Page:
Could always have a rinse off platform that has scuppers to drain back over board and use a wash down hose. The deck could be close to the ladder so you have to walk over the wash down deck to get to the main part of the boat. Then a bilge to inspect condition of hull while on the water. (bilge starts filling up with water then you know the hull is leaking or there is uncontrolled water getting in the boat) A small 500 gph pump with a float switch that kicks in when water in the bilge starts coming up and then a whole lot bigger bilge pump, manual switched, for when there is a lot of water coming on board that should not be there. Screw type garboard plug for when trailered and exposed to the rain. The garboard plug could be attached to the keys to the boat so when you go to use the boat and grab the keys you have a reminded that the plug needs to be put in.

If you are going to be using sea water for washdown then the pick up has to be below the water line and are also areas where a busted hose or fitting could let water in uncontrolled. With or without scuppers then you will still have to deal with those things with mechanical methods.
"that it isn't just an ordinary sort of boat. Sometimes it's a Boat, and sometimes it's more of an Accident. It all depends." "Depends on what?" "On whether I'm on the top of it or underneath it.

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Re: GT27 Build (Wes K)

Post by wkisting » Thu May 16, 2019 9:10 am

Thanks for the input all. I'm leaning toward simple-is-best: a garboard drain plug set at the lowest point of the transom, with a little well there large enough for a bilge pump. Sole left at the height spec'd by the designer. Water draining aft into the well, where it will either go out the drain (if open) or out the bilge pump (if at sea).

For the washdown system, I'm thinking about no thru-hull, but instead a hose that can be stowed in a compartment, but taken out and run over the side to the water when using the washdown sprayer to rinse off. I've seen other boats rigged that way, but don't quite know how well that works with the pump, as that is a lot of lift to bring the water up over the side of the boat. It would have to have enough pressure to lift the water, pull it through a 5 micron filter (just to remove scum, not to make it drinking safe), and still have adequate pressure to trigger the on demand heater. That might be a tall order, but I don't really know since I've never tried building such a system. Another possibility is to draw water thru the hull from a seacock, of course. If I do that, I would use my usual practice of building a small compartment around the seacock (typically inside a seat) that reaches well above the waterline so that if the seacock leaks/fails it doesn't admit water to the rest of the boat to risk sinking her, but keeps it contained.
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Re: GT27 Build (Wes K)

Post by BB Sig » Thu May 16, 2019 3:15 pm

What's the stringer height at the stern in a GT27? The GT23 is ~9" and supposed to float in 6" of water. The study plans for the GT27 say float in 8" of water. If the stringers are ~10.5" or higher, I don't think you have much to worry about with self draining. :)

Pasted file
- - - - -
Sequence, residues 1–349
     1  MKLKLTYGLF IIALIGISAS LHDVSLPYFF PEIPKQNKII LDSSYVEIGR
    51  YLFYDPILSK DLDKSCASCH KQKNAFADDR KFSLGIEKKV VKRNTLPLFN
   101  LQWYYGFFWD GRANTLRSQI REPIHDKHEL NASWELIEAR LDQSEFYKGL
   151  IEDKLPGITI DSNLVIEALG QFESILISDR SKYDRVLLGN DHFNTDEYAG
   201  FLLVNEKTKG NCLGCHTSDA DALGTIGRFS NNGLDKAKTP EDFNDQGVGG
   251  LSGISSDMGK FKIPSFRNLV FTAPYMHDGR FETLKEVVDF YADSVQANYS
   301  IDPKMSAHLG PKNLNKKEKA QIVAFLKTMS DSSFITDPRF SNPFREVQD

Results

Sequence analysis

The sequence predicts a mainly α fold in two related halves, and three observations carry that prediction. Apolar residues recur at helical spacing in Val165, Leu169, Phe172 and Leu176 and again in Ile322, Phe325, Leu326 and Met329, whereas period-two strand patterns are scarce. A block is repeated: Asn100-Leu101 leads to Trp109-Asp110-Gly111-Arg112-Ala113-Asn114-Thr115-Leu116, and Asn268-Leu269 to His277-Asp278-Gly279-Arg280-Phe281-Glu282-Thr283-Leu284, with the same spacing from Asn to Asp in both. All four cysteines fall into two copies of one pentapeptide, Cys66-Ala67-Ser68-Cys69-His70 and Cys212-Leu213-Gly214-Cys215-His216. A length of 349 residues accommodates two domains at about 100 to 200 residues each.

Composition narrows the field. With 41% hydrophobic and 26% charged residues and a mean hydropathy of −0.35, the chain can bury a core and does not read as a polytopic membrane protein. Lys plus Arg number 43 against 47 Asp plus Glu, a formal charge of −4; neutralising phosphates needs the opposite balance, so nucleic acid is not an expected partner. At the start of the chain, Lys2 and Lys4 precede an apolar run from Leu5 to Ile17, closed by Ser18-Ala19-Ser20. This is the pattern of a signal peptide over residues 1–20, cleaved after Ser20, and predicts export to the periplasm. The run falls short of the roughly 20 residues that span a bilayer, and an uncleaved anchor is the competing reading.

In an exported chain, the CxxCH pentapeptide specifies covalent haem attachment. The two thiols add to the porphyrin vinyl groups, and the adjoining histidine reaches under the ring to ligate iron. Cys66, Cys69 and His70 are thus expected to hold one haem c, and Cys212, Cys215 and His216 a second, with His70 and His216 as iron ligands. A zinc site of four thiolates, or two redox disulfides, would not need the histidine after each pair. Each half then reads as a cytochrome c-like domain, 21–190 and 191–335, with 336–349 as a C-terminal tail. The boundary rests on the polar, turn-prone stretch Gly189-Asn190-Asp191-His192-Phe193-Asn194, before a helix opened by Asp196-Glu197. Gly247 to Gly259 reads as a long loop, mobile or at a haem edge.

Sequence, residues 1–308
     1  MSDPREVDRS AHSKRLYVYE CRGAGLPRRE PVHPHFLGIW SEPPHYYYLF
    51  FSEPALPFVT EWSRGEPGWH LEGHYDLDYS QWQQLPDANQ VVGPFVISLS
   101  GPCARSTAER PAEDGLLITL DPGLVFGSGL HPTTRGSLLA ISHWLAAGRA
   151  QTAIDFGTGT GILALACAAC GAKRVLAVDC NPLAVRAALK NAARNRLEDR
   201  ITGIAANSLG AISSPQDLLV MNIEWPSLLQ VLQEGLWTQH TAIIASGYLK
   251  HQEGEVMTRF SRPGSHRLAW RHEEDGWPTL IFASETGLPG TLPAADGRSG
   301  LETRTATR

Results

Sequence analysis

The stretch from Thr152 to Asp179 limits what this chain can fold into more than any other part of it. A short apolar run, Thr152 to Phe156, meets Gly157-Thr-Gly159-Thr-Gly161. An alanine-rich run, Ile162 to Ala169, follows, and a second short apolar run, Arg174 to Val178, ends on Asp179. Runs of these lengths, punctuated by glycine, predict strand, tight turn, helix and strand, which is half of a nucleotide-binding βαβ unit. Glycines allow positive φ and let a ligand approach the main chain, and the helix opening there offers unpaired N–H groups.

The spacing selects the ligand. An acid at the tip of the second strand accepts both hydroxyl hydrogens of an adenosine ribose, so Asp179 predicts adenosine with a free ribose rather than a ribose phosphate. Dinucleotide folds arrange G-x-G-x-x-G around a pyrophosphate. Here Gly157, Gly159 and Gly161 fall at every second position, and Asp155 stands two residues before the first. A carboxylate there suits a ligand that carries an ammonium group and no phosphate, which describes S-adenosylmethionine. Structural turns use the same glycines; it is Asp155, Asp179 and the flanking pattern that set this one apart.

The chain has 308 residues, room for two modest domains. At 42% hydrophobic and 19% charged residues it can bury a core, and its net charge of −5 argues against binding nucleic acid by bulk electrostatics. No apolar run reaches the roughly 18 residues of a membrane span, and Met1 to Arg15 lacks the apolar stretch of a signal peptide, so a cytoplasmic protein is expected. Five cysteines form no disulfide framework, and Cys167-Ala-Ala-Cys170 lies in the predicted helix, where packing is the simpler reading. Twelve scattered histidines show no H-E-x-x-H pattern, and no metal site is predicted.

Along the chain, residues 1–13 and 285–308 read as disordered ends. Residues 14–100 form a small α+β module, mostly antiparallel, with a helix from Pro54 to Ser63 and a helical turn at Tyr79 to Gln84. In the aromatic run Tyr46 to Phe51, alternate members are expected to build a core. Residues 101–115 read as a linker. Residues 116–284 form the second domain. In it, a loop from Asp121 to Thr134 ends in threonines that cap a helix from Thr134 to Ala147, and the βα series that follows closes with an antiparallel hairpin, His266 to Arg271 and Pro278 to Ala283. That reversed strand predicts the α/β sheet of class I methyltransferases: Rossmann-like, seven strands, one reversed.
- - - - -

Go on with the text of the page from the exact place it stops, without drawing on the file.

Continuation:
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Re: GT27 Build (Wes K)

Post by jacquesmm » Thu May 16, 2019 4:09 pm

Correct, the stringers tops are above the designed water line. the cockpit is self draining unless the boat is exceedingly heavy but even in that case, this is not an ocean going boat and the scuppers if any, can be plugged.
The top of the sole is at 10" above the fairbody (bottom, no skeg).
The DWL is at 8" above.
Here are the figures for 8 and 10" draft.
Sorry for the presentation, I did it all manually 20 years ago, no sophisticated app like ORCA that I use now but the figures area accurate.
All in inches decimal. Origin is lost somewhere in CAD space, the model moved = disregard the centroids locations.

-------------------Hydrostatics at 8:
Volume Displacement = 139403
Center of Buoyancy = -151.467, -122.903, 4.51116
Wetted Surface Area = 24917.8
Waterline Length = 262.529
Maximum Waterline Beam = 94.934
Water Plane Area = 22032.7
Center of Floatation = -135.686, -122.903,8

= 80.7 cu.ft = 5,163 lbs

-------------------Hydrostatics at 10:
Volume Displacement = 184759
Center of Buoyancy = -146.838, -122.903, 5.6154
Wetted Surface Area = 27161.7
Waterline Length = 275.173
Maximum Waterline Beam = 95.466
Water Plane Area = 23293.1
Center of Floatation = -129.751, -122.903,10

= 107 cu.ft = 6850 lbs

PPI = 845 lbs.
----------------------------------------

I would be surprised if anybody would build and load that boat to get to 6,850 lbs but keep in mind that this is calculated at level trim. An heavy engine will trim the hull down by the stern but with the volume of your bracket, you should be fine.

One more thing: this is technical and we are in the non technical part of the forum. I don't mind but replies will be slower because I do not visit this area every day. If one day you want a fast reply, post in the other part of the forum.
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fallguy1000
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Re: GT27 Build (Wes K)

Post by fallguy1000 » Thu May 16, 2019 4:40 pm

At those types of numbers, a scupper is a great idea if you opt to go that way. I just hate to see some of the amateur builds end up with water backing in on loading.